About 18 years ago my eldest brother, who happened to be very successful, decided to let his gardener go. We were all baffled and asked, "Why? Why on earth would you do that?" He said, "How am I going to teach my kids to do chores if we don't have any to do?" I remember him talking about how painful it was to make that choice.
My Mom and Dad didn't have the luxury of cleaners or gardeners. They had us working by their side in the garden and the house. My Mom made work charts, chore charts, laundry charts; you name it my Mom had a chart for it and we all knew how to work!
Rereading Louisa May Alcott's Little Women this week with my 13-year-old daughter, I stumbled upon this passage that reminded me of the essentials.
"Wealth is certainly a most desirable thing, but poverty has its sunny side, and one of the sweet uses of adversity, is the genuine satisfaction which comes from hearty work of head or hand; and to the inspiration of necessity, we owe half the wise, beautiful, and useful blessings of the world. "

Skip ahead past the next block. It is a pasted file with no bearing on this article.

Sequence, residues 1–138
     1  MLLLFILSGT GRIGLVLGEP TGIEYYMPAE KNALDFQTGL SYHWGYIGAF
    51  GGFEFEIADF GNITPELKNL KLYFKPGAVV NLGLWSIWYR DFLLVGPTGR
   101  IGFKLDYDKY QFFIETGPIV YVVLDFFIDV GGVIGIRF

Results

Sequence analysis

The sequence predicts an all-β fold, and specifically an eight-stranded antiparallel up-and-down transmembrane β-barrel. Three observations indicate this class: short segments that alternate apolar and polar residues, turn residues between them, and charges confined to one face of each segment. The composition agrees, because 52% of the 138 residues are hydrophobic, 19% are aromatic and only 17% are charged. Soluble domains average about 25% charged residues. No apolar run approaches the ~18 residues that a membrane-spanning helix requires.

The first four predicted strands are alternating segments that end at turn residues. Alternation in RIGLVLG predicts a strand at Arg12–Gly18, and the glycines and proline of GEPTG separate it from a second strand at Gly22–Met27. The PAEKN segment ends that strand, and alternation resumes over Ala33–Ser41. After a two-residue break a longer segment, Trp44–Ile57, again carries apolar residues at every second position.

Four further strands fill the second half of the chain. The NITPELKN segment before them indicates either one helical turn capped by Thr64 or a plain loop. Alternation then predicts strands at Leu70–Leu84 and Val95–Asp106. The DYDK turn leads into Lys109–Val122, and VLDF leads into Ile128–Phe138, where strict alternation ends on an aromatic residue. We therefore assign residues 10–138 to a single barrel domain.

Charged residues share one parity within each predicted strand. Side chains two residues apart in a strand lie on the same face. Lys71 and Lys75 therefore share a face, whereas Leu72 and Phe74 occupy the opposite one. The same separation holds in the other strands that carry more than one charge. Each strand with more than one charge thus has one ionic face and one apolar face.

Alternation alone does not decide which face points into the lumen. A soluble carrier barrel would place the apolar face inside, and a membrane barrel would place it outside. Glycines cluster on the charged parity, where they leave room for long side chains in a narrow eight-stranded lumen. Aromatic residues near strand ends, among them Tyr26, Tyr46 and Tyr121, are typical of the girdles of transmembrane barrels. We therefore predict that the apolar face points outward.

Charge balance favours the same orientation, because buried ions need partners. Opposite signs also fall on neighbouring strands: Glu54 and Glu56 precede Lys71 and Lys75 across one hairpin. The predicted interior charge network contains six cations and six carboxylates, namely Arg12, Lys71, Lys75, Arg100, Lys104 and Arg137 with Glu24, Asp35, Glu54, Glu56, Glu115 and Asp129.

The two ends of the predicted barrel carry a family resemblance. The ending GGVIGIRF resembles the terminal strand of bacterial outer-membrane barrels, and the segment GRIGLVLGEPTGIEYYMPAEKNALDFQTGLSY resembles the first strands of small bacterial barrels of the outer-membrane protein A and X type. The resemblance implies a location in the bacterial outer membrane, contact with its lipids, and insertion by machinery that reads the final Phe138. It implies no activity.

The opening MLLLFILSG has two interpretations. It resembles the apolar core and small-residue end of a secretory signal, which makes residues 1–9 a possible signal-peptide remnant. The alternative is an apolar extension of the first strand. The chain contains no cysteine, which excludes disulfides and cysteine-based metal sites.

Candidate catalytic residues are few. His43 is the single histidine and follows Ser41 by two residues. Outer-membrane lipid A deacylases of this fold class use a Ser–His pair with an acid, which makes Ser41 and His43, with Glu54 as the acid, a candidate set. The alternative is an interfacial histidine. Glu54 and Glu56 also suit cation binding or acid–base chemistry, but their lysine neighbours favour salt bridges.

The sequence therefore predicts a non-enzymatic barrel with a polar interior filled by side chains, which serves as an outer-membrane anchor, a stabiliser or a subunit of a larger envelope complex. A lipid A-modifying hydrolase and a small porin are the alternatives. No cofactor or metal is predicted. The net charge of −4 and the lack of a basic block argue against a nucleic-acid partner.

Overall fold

I am guilty of being spoiled; I have a cleaner. There are days I think maybe I am doing it all wrong and I need to be more like my brother. It was certainly a bold move he made. Let us all try to raise hard working, ethical kids; they will be happier for it. Give em chores people, give em chores.
P.S. Homework is no excuse to get out of chores, they need to manage their time as well. Don't let them grow up entitled and spoiled!
—Allison Ochs Social Worker M.S.W. , Coach, Expat, Mother of three, Wife